In an interview with the Yiddish Book Center’s Wexler Oral History Project, Itzik Gottesman, longtime Boiberik participant and folklorist, describes the effect of the Felker Yontev.
“It really instilled a love of Yiddish among the campers,” he says. “Even if they didn’t learn to speak Yiddish, these things really stayed in their memory. It created a warm community for us all.”
Similarly, Levine recalls that by the time she was a counselor in the 1960s, many of the campers did not speak Yiddish, but they would sing all of the songs in Yiddish with great gusto. “It had meaning to them even if they grew up in Jewish families with little Yiddish influence.”
As an annual tradition, Felker Yontev best encompassed Lehrer’s vision for the camp. It was developed after the First World War and celebrated each summer from 1925 until the camp’s closing. It symbolically brought together the people of the world (“felker fun der velt”) through song and drew from Isaiah’s prophetic vision that all nations would live in peace: “They shall beat their swords into ploughshares, and their spears into pruning hooks; nation shall not lift up sword against nation, neither shall they learn war anymore.” (The Book of Isaiah 2:4)
Lehrer saw the emphasis on peace as a tenet of Jewish faith.
“The idea of the Felker Yontev, though stressing in the most effective manner, through song, dance, scenery, costume and ritual, that all men are brothers, is still genuinely Jewish pointing up the most exalted theme of our culture,” he wrote. “For is not peace among all men the highest ideal motivating Jewish historical experience?”
The procession contained aspects of ritual performance, traditions which were repeated year after year, just as traditional religious holidays such as Passover do. Though occasional changes were made, the event’s structure and meaning remained constant, even in the years when some nations were at war.
For Levine, Felker Yontev meant the involvement of everyone at camp from the youngest campers to the men and women who prepared the sets and costumes for the children. “The ney tsimer was the sewing room, and each year, the women created costumes on the fly and on the cheap for all the children.” She remembers singing songs written by musicologist and former YIVO music archivist, Chana Mlotek.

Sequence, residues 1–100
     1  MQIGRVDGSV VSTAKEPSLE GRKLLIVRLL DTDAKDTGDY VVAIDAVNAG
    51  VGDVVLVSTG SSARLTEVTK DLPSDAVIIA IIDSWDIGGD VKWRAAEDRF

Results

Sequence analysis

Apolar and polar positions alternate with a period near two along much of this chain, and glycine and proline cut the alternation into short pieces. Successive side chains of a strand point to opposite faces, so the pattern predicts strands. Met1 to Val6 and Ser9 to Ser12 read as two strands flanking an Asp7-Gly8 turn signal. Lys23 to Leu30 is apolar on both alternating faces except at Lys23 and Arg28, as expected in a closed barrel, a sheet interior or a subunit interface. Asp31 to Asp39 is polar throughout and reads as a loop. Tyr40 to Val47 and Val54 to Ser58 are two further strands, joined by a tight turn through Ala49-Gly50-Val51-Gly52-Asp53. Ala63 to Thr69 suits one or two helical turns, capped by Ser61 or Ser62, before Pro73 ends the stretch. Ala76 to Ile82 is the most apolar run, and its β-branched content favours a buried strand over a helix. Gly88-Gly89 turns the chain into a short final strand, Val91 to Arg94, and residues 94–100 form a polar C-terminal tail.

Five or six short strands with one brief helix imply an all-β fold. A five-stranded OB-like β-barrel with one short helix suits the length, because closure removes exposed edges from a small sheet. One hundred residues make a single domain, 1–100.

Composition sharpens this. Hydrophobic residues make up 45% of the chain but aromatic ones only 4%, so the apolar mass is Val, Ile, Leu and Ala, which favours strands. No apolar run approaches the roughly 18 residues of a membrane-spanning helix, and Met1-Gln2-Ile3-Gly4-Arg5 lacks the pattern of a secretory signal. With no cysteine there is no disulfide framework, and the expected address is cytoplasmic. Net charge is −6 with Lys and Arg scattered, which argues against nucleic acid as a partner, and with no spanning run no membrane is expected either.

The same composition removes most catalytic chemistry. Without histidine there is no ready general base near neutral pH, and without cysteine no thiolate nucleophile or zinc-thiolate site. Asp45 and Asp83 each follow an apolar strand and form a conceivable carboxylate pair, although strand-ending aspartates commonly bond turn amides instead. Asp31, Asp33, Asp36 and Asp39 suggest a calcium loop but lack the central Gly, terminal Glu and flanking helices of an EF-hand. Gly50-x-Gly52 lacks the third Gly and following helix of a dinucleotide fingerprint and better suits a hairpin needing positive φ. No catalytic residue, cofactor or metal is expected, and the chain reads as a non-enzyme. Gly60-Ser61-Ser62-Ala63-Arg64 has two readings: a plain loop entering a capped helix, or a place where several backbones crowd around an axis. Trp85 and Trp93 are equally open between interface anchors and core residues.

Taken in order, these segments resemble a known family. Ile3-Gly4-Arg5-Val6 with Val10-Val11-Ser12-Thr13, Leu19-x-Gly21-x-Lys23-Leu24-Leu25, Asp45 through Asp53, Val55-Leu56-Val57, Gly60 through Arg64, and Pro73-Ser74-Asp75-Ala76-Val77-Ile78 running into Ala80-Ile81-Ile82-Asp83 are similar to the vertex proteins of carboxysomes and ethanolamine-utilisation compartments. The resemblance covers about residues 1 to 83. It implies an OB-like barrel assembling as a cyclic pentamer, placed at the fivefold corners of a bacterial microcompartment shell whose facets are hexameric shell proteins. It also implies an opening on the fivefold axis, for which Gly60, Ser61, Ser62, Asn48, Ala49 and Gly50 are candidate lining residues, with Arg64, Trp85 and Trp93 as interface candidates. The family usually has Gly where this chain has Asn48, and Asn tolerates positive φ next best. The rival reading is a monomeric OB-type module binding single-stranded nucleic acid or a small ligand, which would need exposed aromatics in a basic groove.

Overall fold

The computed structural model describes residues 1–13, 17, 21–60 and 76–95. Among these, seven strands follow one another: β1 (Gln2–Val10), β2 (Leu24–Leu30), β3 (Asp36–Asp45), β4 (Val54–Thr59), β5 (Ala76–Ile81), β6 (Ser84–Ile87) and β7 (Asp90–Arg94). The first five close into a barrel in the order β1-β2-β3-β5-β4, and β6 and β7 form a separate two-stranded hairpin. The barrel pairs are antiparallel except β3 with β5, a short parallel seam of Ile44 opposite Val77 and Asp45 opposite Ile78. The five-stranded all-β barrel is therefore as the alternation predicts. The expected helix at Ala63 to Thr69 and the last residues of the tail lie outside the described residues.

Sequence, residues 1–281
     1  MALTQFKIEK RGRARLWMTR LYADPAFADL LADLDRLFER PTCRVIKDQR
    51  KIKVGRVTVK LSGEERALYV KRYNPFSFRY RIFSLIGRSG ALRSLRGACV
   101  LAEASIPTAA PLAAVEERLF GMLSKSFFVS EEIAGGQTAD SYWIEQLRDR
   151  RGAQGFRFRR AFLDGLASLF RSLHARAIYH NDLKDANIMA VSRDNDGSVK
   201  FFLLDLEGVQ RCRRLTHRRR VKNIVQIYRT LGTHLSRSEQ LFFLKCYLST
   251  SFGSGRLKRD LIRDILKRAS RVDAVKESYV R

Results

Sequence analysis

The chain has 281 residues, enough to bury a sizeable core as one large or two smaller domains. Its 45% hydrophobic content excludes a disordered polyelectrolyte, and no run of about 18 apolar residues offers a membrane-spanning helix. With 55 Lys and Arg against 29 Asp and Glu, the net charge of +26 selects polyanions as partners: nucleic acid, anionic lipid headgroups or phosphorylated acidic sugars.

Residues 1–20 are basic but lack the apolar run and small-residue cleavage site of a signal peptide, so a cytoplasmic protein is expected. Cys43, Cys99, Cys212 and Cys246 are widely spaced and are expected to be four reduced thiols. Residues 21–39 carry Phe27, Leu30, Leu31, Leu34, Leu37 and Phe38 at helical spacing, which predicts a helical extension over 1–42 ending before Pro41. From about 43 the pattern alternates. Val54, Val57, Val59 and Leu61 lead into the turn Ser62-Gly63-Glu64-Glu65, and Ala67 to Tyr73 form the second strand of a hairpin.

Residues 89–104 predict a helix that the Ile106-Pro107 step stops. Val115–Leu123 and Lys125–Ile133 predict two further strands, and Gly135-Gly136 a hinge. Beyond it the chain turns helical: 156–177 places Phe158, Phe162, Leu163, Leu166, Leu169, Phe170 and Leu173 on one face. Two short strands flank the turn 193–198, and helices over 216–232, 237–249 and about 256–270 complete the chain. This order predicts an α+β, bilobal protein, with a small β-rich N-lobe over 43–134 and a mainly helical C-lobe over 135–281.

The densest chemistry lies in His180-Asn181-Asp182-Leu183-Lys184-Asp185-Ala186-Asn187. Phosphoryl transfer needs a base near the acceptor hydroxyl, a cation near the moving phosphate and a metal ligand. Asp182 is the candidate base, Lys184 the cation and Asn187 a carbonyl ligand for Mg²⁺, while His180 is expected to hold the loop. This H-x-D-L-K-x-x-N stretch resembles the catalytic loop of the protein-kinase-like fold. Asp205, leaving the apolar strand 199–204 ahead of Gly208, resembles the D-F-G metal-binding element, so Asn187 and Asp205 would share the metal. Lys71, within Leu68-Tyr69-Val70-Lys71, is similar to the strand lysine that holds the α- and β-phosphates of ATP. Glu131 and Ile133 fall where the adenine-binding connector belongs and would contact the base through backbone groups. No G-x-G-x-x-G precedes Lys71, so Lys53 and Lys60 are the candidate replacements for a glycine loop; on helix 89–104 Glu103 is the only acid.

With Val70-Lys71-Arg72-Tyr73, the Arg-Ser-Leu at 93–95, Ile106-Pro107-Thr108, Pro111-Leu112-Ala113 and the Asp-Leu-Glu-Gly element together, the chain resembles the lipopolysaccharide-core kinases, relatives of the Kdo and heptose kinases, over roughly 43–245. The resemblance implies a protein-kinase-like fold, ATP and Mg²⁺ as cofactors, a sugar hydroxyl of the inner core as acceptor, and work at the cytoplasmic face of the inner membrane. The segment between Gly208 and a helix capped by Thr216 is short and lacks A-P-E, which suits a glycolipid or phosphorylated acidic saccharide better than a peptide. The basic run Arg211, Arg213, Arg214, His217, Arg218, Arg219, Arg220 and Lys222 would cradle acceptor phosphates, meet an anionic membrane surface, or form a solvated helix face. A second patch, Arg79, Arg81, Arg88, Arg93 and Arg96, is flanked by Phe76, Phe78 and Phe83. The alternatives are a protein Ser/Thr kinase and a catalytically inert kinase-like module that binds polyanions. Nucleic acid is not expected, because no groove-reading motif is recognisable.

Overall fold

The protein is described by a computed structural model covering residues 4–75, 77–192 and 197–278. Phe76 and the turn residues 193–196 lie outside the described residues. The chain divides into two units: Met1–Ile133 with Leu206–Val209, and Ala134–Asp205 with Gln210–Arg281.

The culmination of the event when things grew quiet and everyone stood stuck out for Levine. “The head girl and head boy—voted on by campers during the summer—stood to pull back a curtain revealing a plaque with a white dove.” Everyone would sing the final lines of Sholem March (The March of Peace).
Mir zaynen di felker, mir zaynen di velt,
Mir zingen tsuzamen a loyb.
Tseshprayt dayne fligl, neviyisher gayst,
Un zay undzer shney-vayse toyb.
We are the peoples, we are the world,
We sing praises together.
Spread your wings, spirit of the prophet,
And be our snow-white dove.
“The Jewish Year draws to a close at this time, and we blow a horn as the shofar blows its call for Jews to assemble. Boiberkaner do hear the call and come from “far and near” to join in the Felker-YomTov as Jews, to renew their hopes and work for a better world for all people.”
—Felker Yontev Program, 1978, YIVO
This line emphasizes Boiberik’s continual commitment to ritual and the hope for peace among all people from its experimental beginnings to the Felker Yontev at the end of one of its final seasons. In 1979, after fifty-six summers outside Rhinebeck, Camp Boiberik closed due to financial strain and the shuttering of the Sholem Aleichem Folk Institute. The camp and the traditions it created have left a lasting impact on its alumni. An enthusiastic alumni community was created that gathers for reunions to this day.
Until the COVID-19 pandemic hit, the Omega Institute for Holistic Studies (a nonprofit educational retreat center located in Rhinebeck) was to hold a hundredth birthday celebration for the camp in 2020. In lieu of an in-person reunion, over a hundred Boiberik campers participated in an online Zoom Shabbes in April.
The world of Yiddish culture created and fostered by Camp Boiberik can be discovered in YIVO’s archive.
Olivia Reid is the research and project specialist at the YIVO Bruce and Francesca Cernia Slovin Online Museum. YIVO sound archivist Eléonore Biezunski collaborated on this story. Special thanks to YIVO board chair Ruth Levine.
For nearly a century, YIVO has pioneered new forms of Jewish scholarship, research, education, and cultural expression. The YIVO Archives contains more than 23 million original items and YIVO’s Library has over 400,000 volumes—the single largest resource for such study in the world.